From: Andrew Blain <awb@astro.caltech.edu> To: Chris Carilli <ccarilli@aoc.nrao.edu> cc: Andrew Blain <awb@phobos.caltech.edu>, awootten@nrao.edu, Pierre Cox <Pierre.Cox@ias.u-psud.fr> Subject: Re: DRSP review Date: Thu, 17 Feb 2005 15:43:53 -0800 (PST)

I've been through the 1.X's, and couldn't see any killers. Notes attached, including some notes on my DRSPs, which I hadn't changed since the review comments were attached.

In comments.txt are also some trivial thoughts about ways to trim. I'm prefer to see operations of a smaller subset of the array than a maxed out version, which like the VLA is unlikely ever to grow.

In terms of lobbying for a more powerful array, I think the fact that the DRSPs are significantly oversubscribed must point to the desire for an array as large as possible.

I don't see an easy way to make this argument, as all that good science could still be done, just take longer. Only when the array becomes less than 5x CARMA or IRAM does a big problem develop for extragalactic science. Maybe there's a clearer breakpoint when mosaicking?

A

PS Al, please let me know if I should send these notes anywhere else. I hope Pierre and Chris can represent this area at the meeting.

On Wed, 16 Feb 2005, Chris Carilli wrote:

'> how about this:
'>
'> I'll look at DRSP 1.1.5, 1.3.1, 1.3.2, and 1.6.1 - 1.6.7
'>
'> Then you'all could divi-up the rest of 1.1, 1.2, 1.4, 1.5
'>
'> that gives us each between 9 and 10. If you can't deal,
'> let me know and I can fill-in.
'>
'> I don't think we should go into too much detail.
'> In most cases it will come down to just increasing the
'> integration time. we should focus on the few programs
'> that are fundamentally disabled by going to 50 antennas.
'> Could be we don't find any.
'>
'> cc
'>
'>Comments on status of DRSP on antenna number cut.

Andrew Blain

17 February 2005

1.X DRSP numbers are relatively lightly affected by reduction in the number of antennas. Since most targets are faint, with modest dynamic range requirements, and the imaging quality from ALMA remains much better than existing facilities, the main hit is in integration time, requiring surveyed areas and numbers of sources to be trimmed, approximately as (final #/64) squared.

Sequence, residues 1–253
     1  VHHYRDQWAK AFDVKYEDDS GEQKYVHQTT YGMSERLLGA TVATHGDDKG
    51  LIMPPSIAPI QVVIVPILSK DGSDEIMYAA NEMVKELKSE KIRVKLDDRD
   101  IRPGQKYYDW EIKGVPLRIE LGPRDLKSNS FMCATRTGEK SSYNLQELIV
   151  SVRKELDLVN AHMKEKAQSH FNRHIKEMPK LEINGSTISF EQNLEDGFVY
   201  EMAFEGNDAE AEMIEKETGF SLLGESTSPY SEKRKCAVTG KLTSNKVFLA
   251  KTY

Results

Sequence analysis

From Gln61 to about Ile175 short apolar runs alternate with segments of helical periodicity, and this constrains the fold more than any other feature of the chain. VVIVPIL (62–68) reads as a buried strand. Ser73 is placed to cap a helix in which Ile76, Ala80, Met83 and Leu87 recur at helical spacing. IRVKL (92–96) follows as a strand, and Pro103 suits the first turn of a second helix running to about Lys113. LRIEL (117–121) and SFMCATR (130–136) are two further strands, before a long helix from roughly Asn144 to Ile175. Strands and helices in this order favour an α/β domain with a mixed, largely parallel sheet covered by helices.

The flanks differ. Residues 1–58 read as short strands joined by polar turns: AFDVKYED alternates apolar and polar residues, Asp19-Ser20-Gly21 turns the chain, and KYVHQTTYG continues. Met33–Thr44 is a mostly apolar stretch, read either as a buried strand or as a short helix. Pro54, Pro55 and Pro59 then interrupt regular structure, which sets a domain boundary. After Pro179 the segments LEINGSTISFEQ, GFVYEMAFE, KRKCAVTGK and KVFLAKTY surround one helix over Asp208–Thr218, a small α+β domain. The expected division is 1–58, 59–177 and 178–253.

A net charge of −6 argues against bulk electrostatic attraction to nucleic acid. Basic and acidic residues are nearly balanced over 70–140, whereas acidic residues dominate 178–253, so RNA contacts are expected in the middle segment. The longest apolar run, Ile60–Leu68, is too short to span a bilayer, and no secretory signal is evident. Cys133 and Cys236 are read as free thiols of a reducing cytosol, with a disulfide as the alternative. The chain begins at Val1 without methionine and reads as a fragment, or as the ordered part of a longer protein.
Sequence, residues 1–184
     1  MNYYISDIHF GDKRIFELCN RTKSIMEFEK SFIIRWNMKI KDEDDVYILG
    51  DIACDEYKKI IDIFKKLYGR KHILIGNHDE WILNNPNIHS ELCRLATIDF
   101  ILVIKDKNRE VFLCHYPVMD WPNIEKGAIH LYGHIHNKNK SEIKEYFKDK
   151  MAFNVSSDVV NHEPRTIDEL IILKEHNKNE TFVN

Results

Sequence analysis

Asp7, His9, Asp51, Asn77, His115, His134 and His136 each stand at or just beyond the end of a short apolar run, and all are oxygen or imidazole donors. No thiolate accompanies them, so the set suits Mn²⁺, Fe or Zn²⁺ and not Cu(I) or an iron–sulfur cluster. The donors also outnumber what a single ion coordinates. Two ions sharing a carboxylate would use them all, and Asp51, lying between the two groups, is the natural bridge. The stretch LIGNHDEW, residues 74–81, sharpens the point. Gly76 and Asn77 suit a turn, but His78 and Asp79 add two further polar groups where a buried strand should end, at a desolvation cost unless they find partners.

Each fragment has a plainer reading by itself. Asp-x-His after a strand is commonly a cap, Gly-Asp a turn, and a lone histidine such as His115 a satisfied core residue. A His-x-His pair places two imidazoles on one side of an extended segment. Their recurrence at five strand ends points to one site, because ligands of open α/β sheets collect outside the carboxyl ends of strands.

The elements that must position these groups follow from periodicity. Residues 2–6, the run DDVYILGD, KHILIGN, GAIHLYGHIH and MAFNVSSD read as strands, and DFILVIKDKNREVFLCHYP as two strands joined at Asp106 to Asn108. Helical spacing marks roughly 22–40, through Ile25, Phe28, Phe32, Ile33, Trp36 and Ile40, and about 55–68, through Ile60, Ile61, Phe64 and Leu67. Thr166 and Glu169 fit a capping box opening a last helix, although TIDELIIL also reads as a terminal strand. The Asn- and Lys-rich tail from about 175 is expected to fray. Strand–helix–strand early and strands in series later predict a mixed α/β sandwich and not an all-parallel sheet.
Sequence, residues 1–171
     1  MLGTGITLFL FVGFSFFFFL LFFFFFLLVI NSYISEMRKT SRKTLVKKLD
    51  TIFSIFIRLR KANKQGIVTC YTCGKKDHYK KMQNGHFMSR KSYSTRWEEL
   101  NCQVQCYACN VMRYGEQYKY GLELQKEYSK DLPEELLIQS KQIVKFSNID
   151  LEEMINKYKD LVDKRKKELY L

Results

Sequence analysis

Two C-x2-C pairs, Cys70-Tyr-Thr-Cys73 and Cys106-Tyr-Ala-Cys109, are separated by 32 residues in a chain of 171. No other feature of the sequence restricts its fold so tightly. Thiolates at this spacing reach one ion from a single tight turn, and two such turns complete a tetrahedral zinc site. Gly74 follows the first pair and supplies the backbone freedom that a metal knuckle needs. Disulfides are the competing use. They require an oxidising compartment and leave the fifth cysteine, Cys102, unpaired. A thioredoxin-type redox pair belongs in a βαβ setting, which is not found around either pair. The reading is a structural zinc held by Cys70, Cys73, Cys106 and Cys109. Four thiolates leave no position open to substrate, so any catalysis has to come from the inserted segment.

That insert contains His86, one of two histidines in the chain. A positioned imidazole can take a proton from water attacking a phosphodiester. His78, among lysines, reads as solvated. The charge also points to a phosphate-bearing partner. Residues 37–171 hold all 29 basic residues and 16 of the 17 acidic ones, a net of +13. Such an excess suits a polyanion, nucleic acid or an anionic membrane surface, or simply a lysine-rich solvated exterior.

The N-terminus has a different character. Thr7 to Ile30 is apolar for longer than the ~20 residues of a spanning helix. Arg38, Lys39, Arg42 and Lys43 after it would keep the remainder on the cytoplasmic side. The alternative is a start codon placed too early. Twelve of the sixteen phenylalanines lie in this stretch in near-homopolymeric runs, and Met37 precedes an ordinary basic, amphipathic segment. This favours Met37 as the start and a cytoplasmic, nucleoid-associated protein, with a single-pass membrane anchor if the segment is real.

I have read through all the 1.X programs, and do not believe that any would be ruled out by a smaller array. Imaging is more sensitive to individual antenna configuration changes, and antenna breakdowns. However, I don't expect this to make any program impractical.

The combination of sensitivity and resolution remains so much better than current telescopes can achieve that ALMA would remain a very valuable tool at 50 antenna. My intuition is that the gain over IRAM, CARMA and SMA ceases to be so compelling at the ~30 antenna level.

Given that receivers are not too far from the quantum limit, Atacama is an excellent site, and correlators are probably growing cheaper with time, I would prefer to see the simultaneous operation of 40 antenna out of a procured total of 55 than a fully operational array complete array of only 48 for example. Switching antenna in and out would seem to be a way to speed up the reconfiguration process, and provide the ability to maximise the working size of the array at 2nd generation correlator level.

Andrew Blain

Feb 17 2005

Comments on current state of DRSPs I submitted:

1.1.6 Ultradeep continuum survey

Section: 5.4: Agree blank-field SZ detections with ACA unlikely in these small fields. Blank field surveys should consider centering on locations where deep ALMA surveys are available. For foreground subtraction, want high-resolution ALMA coverage of any candidates to deep levels.

Cutback is reasonable: better to cutback area than depth.

1.1.7 Deep line emission search

Section: 4.1: Clarify comment about 2-hrs: GOODS-S will soak up a lot off time there. `Might want to avoid choosing additional fields near 02hr if possible.'

Section 5.4: As 1.1.6.

Comment on strategy: Desire to make unbiased catalog of line-emitting galaxies. Band-3 and 140-GHz band are likely the most efficient ALMA bands for detecting serendipitous lines. Going deeper is possible, but expect the detection rate to be higher covering a wider field to a brighter limit. Only ALMA will tell. Could be preferable to use a nested approach, and dig deeper in a subfield.

1.1.8: Submillimeter galaxy followup

A smaller survey could certainly be possible; however, certainly need several 100 examples to allow AGN content, mass distribution and range of morphology to be quantified. 500 is probably reasonable.

1.2.1: Weak lensing of disks

Section: 8.2: To make this observation must have a spatially-resolved rotation curve, and so an accurate line-of-sight velocity needed to each resolution element in the disk. Expect 10km/s velocity dispersion at each point, therefore accurate line center frequency at the 2km/s level.

1.2.2: Cluster mapping

Comment: Cutting back is possible. Need to image to maximum depth, gain in science is slower than linear with cluster number.

1.2.3: Planck Surveyor followup:

Comment: Possible to make initial detection using single-dish telescope to save ALMA's mosaicking time.

Not necessary to follow up all Planck sources, after full range quantified. Several 100 in south ecliptic pole region probably adequate to start. Long-duration program to map the remainder of the total ~10000 expected (starting with the brightest) is possible.

-- AlWootten - 21 Feb 2005

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Topic revision: 2005-02-21, AlWootten
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